A supply chain is only as strong as its weakest link, something that heavily relies on the forging of solid relationships. In fact, the Sales Benchmarking Index (SBI) published an article stating that more than 25 per cent of revenue is received through partnerships.
Let’s take a look at what makes or breaks a good channel alliances and how incentive programs can help.
Partnerships go through stages of development.
The five stages of partnerships
Business alliances are much like a romance between two people as they go through phases. Computer Market Research even categorised five distinct stages of them:
How to build a strong relationship
Ideally you want to be able to move towards the fifth stage, but building relationships requires an understanding why they can fail to begin with.
The SBI suggests that channel alliances fail when the value to the end user is ignored or forgotten. Whether it is technical support, face-to-face contact or simply ease of doing business, understanding why the channel partner’s role is important sets up success.
Going into direct competition with a channel partner’s work force, even if inadvertently, is another big red flag. It is important to remember that while they are independent businesses, you are servicing the same end-consumer.
Simultaneously, you don’t want to stay in a failing partnership too long, as it costs you both time and money. Understanding if or why your business is important for the channel partner will give a sense of whether or not commitment is realistic and how to motivate affiliates.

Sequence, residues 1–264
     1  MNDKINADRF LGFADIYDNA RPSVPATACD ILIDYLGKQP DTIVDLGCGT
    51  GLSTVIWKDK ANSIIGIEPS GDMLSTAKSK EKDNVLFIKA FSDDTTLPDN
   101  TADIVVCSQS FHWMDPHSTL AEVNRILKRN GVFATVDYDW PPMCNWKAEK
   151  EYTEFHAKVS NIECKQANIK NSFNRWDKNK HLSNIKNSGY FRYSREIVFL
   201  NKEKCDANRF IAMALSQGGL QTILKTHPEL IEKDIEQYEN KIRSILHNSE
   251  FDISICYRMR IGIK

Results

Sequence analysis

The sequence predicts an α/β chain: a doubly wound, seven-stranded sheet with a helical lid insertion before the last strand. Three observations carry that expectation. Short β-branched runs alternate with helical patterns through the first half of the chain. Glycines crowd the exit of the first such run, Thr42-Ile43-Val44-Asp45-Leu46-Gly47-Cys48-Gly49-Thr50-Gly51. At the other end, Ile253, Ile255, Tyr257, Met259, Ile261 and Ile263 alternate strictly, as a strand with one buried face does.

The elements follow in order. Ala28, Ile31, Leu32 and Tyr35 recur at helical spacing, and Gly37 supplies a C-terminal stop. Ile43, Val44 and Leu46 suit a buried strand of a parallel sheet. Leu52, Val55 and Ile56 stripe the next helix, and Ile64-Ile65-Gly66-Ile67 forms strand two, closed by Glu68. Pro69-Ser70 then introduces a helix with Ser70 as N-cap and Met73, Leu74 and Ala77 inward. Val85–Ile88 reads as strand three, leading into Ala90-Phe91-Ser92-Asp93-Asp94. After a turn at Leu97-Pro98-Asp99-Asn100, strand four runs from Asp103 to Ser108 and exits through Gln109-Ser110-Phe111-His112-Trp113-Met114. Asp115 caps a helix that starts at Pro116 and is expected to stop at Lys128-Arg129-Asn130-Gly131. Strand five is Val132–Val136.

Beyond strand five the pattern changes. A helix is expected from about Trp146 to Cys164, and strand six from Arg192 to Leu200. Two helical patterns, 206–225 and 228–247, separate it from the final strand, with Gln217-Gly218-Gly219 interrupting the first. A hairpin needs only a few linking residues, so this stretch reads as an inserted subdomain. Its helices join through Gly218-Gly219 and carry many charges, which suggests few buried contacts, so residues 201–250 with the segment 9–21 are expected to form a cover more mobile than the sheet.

Before going into any relationship though, it is crucial to clearly set out expectations and requirements for the ideal partner. Quality over quantity rings true here, as fewer but more engaged channel collaborators are going to be more effective than a multiple of non-committed allies.
A partnership can break apart without the right incentives.
How do channel incentives help?
By having a strategic plan and regular meetings, issues can be addressed as soon as they arise and avoid conflict down the track. As such, it is essential to offer customised incentive programs to raise morale and build stronger partnerships. This will also serve as a complimentary route to align the big-picture goals of both parties.
The Harvard Business Review (HBR) further points out that creating personalised stimuli can provide more value to the partnership, which in turn fosters loyalty. It is therefore important to realise that each partner looks at value differently. This, inherently, calls for long-term approaches to leverage already existing assets to their full potential